Oregon Spirit Distillers recently renovated and moved into the space formerly occupied by the Habitat for Humanity ReStore. The original complex was built in the 1940s and was a successful feed store for more than fifty years. Within Oregon Spirit Distillers’ 7,200-square-foot space is a distillery, tasting room, barrel area, and the Barrel Lounge. Sip vodka, gin, whiskey, or one of their other spirits, and have a light meal in the lounge. This distillery prides itself on using local grains and fruits. Tasting room is open daily from noon to 7 p.m.; lounge is open daily from 11:30 a.m. to 9 p.m.; 740 NE First St.; 541/382-0002; oregonspiritdistillers.com

The Pine Tavern is known as much for its downtown, riverside location (watch otters play) and the tree growing through its dining room as it is for a menu starring Oregon favorites, such as hazelnut-encrusted salmon, Dungeness crab cakes, and locally sourced prime rib. It’s worth the trip for the hot scones and honey butter. Celebrating its eightieth anniversary (in the same location) this summer, Pine Tavern plans on serving a commemorative IPA brewed especially for the occasion. Open daily for lunch and dinner; 967 NW Brooks St.; 541/382-5581; pinetavern.com

Built in 1920, the original Bend Firehouse served the city until 2000 when the fire department moved into a new building. The building was then remodeled into retail, residential, office, and restaurant spaces, one of which is the Brickhouse Restaurant. Diners here favor the steak and, curiously given the high-desert location, the lobster. Brickhouse has an extensive cellar of award-winning Oregon and Washington wines. Open daily from 4 to 9:30 p.m.; 5 NW Minnesota Ave.; 541/728-0334; brickhousesteakhouse.com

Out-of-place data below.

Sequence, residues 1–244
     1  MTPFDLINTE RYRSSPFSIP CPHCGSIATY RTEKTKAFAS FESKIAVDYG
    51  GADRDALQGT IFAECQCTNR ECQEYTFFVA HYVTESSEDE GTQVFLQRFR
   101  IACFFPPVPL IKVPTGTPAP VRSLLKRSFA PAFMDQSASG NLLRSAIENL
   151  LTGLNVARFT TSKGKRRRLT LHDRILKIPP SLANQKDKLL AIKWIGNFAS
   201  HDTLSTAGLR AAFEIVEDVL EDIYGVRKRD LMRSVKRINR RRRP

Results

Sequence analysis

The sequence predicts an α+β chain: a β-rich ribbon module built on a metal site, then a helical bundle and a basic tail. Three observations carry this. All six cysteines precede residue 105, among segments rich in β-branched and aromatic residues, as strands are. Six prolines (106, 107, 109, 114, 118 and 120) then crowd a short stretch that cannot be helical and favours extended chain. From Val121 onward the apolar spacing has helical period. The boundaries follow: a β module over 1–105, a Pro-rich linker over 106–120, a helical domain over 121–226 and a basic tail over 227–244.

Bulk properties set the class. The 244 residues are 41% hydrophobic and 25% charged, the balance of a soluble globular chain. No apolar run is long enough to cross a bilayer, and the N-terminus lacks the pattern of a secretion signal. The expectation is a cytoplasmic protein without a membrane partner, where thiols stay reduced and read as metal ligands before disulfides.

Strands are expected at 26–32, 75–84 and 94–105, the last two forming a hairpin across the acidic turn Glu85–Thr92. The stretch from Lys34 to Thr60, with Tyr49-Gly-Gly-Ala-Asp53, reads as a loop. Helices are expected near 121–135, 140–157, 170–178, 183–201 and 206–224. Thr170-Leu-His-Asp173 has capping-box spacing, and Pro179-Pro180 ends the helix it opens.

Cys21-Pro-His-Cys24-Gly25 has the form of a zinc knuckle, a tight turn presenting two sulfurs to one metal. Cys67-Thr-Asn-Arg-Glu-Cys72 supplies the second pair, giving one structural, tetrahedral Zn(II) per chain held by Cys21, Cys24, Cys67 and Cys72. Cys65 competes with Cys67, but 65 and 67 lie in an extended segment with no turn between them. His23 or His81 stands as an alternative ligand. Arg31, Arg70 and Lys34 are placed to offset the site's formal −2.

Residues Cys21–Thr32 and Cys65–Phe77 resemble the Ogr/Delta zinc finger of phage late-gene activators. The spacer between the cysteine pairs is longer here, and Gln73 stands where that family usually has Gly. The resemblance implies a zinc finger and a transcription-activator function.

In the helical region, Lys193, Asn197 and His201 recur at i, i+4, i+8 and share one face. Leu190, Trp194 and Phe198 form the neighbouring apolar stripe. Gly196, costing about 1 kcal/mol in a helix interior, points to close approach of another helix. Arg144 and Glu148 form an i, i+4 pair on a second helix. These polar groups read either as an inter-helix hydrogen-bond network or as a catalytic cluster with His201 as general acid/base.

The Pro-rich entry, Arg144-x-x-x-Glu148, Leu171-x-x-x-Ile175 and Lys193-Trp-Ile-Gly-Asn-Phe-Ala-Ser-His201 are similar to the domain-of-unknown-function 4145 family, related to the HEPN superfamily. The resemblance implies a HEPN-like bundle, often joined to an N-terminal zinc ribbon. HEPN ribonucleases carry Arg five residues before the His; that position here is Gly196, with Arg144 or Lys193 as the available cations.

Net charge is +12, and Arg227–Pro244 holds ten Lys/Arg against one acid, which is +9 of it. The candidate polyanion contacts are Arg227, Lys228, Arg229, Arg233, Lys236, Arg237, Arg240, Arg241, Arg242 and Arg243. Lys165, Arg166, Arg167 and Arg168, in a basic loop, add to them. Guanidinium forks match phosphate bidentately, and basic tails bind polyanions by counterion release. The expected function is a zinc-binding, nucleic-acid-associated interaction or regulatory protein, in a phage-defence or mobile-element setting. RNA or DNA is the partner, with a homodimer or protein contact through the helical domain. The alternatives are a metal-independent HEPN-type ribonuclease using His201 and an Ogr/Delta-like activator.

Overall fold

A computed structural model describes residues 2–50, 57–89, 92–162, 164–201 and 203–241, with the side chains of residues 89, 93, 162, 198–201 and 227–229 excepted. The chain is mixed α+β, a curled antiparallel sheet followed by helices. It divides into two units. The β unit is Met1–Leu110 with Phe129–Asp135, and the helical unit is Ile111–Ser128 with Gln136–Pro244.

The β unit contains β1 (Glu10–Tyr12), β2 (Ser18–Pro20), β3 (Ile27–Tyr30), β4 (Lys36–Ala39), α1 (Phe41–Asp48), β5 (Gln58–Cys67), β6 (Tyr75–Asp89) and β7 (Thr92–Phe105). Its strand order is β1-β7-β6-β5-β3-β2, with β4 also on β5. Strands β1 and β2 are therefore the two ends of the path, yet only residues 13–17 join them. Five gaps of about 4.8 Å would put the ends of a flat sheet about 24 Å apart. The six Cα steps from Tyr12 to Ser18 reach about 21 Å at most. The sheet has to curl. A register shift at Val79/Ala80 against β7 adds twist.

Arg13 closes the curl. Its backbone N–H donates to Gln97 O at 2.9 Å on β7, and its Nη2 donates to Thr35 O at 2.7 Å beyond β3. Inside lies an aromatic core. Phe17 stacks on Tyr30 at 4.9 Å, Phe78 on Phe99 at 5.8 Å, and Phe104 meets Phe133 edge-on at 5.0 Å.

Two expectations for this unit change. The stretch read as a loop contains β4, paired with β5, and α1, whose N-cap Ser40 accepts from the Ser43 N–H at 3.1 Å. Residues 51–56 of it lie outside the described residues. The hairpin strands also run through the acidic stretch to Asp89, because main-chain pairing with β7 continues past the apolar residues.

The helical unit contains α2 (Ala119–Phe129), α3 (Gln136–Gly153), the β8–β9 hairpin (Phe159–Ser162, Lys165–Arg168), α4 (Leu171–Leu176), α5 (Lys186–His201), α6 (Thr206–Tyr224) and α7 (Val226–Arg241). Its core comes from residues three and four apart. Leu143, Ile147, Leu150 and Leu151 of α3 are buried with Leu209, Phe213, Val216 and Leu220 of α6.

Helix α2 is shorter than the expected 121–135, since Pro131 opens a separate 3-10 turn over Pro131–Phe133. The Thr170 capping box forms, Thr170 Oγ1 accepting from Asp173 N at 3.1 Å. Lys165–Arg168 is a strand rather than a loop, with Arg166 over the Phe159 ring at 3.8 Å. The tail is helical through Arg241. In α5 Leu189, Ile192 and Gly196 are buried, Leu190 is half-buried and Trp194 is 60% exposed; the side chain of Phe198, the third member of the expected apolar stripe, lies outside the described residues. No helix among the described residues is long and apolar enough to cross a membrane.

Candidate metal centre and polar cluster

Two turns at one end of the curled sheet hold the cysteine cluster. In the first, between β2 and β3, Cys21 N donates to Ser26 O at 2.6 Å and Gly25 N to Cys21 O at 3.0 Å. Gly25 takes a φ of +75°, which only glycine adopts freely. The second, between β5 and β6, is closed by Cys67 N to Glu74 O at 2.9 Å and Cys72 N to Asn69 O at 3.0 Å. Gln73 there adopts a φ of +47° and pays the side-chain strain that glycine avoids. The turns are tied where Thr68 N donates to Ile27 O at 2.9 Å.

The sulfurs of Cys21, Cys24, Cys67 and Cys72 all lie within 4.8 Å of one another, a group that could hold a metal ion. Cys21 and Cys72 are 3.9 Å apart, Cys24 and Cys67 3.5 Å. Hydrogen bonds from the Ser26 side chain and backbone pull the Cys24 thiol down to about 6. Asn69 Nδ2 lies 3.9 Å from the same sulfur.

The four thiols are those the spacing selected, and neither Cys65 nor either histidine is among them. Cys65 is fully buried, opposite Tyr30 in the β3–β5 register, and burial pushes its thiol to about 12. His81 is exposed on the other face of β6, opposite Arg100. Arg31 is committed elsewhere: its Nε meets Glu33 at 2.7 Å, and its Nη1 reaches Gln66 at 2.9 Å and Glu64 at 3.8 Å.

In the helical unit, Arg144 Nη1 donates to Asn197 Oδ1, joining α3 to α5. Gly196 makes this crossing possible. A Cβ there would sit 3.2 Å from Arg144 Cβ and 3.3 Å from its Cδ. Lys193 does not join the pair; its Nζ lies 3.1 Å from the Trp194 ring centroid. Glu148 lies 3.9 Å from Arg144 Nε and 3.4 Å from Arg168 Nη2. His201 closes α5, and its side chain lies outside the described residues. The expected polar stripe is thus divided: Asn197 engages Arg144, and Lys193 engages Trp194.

Wall Street Suites was redone in 2012.

Wall Street Suites was redone in 2012.

Rest Up
A short walk from downtown, and an even shorter walk from the river, is Wall Street Suites. Built in the 1950s as the Plaza, in 2012 the property was redone with an industrial lodge vibe. Bike rentals are available, and you can bring your dogs (but please, no more than two). There’s no restaurant, but rooms have full kitchens, and you are in walking distance of downtown’s eateries. From $176; 1430 Wall St.; 541/706-9006; wallstreetsuitesbend.com

Famous in Oregon and Washington for their repurposing of historic structures, brothers Mike and Brian McMenamin renovated the 1936 Old St. Francis School in Bend. In addition to rooms and suites, the property has several restaurants, a bakery, a brewery, a movie theater, and an open-roofed soaking pool with a tile mural of St. Francis. Rooms from $155; McMenamins Old St. Francis School; 700 NW Bond St.; 541/382-5174; mcmenamins.com

Lara House Bed and Breakfast is in the Drake Park Historic District. Built in 1910 by the Lara family, who ran a farm equipment and mercantile store, the property was a boarding house during the Depression and a home for Army families during World War II. For the past thirty-four years, it has operated as a B&B. Expect comfortable rooms with an eclectic selection of furnishings that could have been inherited from your grandmother. Generous breakfasts are served in the sunroom or in your room. From $159; 640 NW Congress St.; 541/388-4064; larahouse.com

The Lara House Bed and Breakfast is in the city’s Drake Park Historic District.

The Lara House Bed and Breakfast is in the city’s Drake Park Historic District.